• Work with Bristol University to explore the impact of short bursts of physical activity on academic outcomes in English and maths. This project is co-funded by Nike inc. as part of the 'Designed to Move' initiative.
  • Assess the link between a programme of structured language tuition, devised by CfBT, and literacy development of pupils in Years 3 and 4.
  • Work with Chicago University to examine the impact of a parenting academy, which will equip parents with the skills to support their children’s learning in numeracy, literacy and science.
  • Work with the Youth Sport Trust to develop and pilot an approach to feedback based on methods used by sports coaches.
  • Explore the impact of teachers observing each others’ lessons on their own effectiveness, using an approach developed by a team led by Professor Simon Burgess.

For more information, please contact Robbie Coleman at the EEF ( on 020 7802 1679.


  1. The Education Endowment Foundation is a charity set up in 2011 by the Sutton Trust as lead foundation in partnership with Impetus Trust, with a Department for Education grant of £125m. It is dedicated to breaking the link between family income and educational achievement. Since its launch the EEF has awarded £35.9 million to 68 projects working with over 440,000 pupils in over 2,200 schools across England.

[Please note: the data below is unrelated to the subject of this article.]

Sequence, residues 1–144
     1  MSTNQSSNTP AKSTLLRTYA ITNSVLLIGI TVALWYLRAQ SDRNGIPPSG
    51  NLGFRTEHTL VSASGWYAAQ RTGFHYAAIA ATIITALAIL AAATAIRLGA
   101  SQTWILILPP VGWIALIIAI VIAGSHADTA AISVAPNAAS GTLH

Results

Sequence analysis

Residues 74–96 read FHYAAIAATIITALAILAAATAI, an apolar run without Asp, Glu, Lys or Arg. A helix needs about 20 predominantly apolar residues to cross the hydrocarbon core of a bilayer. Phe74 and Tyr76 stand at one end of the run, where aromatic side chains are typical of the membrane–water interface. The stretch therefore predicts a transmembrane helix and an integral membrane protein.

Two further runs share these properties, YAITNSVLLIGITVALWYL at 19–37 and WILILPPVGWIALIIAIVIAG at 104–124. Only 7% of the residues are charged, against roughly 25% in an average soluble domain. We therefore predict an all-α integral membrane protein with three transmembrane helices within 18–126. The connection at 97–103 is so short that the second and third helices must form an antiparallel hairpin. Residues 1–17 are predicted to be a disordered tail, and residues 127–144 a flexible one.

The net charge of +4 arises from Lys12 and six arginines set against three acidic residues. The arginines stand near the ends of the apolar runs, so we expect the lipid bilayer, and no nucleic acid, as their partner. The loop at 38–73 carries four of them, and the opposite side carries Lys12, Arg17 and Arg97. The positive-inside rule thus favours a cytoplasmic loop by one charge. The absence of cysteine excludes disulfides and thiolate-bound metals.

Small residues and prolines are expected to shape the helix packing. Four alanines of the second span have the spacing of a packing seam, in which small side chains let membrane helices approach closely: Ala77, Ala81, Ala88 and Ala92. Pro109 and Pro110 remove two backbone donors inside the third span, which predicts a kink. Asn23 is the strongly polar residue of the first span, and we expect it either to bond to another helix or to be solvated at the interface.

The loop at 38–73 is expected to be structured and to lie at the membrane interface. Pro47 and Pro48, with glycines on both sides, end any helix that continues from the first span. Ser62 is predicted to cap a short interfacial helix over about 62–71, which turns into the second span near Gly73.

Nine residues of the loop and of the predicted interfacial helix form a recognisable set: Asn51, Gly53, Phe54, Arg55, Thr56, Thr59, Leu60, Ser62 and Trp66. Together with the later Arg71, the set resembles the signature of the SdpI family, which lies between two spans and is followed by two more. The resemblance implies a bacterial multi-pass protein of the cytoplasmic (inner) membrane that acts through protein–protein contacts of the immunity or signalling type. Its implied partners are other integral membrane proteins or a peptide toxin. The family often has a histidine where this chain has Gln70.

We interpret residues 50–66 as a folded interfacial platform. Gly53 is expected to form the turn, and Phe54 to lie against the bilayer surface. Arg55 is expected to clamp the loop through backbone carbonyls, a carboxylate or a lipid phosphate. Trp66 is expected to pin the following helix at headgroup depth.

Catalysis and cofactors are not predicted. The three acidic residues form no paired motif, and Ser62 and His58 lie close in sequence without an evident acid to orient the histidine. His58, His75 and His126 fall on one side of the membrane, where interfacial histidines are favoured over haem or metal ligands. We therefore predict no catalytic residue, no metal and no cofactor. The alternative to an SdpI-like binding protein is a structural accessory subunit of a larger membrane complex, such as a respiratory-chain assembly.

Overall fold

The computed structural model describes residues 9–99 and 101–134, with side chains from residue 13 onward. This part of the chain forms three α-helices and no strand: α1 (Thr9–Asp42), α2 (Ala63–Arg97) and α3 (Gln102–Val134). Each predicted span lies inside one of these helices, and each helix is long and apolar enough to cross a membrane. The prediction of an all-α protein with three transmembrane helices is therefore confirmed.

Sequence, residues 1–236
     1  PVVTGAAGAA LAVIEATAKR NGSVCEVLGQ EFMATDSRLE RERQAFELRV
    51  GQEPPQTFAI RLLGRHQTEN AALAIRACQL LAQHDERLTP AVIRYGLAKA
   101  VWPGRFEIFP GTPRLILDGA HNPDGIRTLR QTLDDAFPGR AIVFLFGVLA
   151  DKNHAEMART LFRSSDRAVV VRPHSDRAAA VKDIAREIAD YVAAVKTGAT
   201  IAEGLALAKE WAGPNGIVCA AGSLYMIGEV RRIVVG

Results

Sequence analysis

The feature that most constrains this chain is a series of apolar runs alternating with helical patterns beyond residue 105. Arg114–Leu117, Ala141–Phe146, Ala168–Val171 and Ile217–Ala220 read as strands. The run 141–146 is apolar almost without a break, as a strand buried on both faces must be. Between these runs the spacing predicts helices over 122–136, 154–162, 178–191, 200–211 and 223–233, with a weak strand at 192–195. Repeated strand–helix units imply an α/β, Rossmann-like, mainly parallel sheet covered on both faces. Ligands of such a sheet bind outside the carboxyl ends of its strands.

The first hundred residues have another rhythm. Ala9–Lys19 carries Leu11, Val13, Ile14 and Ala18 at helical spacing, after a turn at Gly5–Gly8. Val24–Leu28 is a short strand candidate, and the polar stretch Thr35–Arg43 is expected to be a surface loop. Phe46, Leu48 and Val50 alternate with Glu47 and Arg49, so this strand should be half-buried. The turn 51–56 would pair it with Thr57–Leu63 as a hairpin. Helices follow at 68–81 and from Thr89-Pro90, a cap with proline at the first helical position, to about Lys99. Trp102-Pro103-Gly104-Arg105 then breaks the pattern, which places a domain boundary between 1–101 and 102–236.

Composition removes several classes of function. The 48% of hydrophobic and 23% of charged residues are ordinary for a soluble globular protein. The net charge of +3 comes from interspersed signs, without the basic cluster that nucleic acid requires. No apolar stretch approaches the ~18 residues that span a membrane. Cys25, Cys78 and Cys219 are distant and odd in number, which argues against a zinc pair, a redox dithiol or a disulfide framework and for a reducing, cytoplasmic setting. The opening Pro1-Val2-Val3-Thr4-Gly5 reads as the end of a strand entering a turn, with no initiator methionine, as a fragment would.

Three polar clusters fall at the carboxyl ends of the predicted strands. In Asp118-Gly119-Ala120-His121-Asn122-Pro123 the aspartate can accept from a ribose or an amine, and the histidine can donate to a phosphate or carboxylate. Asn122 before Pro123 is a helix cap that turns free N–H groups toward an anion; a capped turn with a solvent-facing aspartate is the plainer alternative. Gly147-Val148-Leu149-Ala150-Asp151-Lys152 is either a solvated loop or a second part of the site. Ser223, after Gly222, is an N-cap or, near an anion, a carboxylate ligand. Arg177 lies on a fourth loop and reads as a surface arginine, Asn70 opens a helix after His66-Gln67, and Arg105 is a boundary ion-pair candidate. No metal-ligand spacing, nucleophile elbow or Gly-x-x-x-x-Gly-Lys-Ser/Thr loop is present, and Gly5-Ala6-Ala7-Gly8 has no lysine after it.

2. Nominet Trust ( is the UK’s leading Tech for Good funder. The Trust believes in harnessing the power of digital technology to improve lives and communities. A UK registered charity, Nominet Trust brings together, invests in and supports people committed to using digital technology to create social and economic value. Nominet Trust was founded in 2008 by Nominet, the not-for-profit organisation responsible for the smooth and secure running of the .uk internet infrastructure. Nominet has a strong public purpose and the Trust is one example of its commitment to creating a safer, accessible and diverse internet.
  3. The full list of projects funded by EEF can be viewed at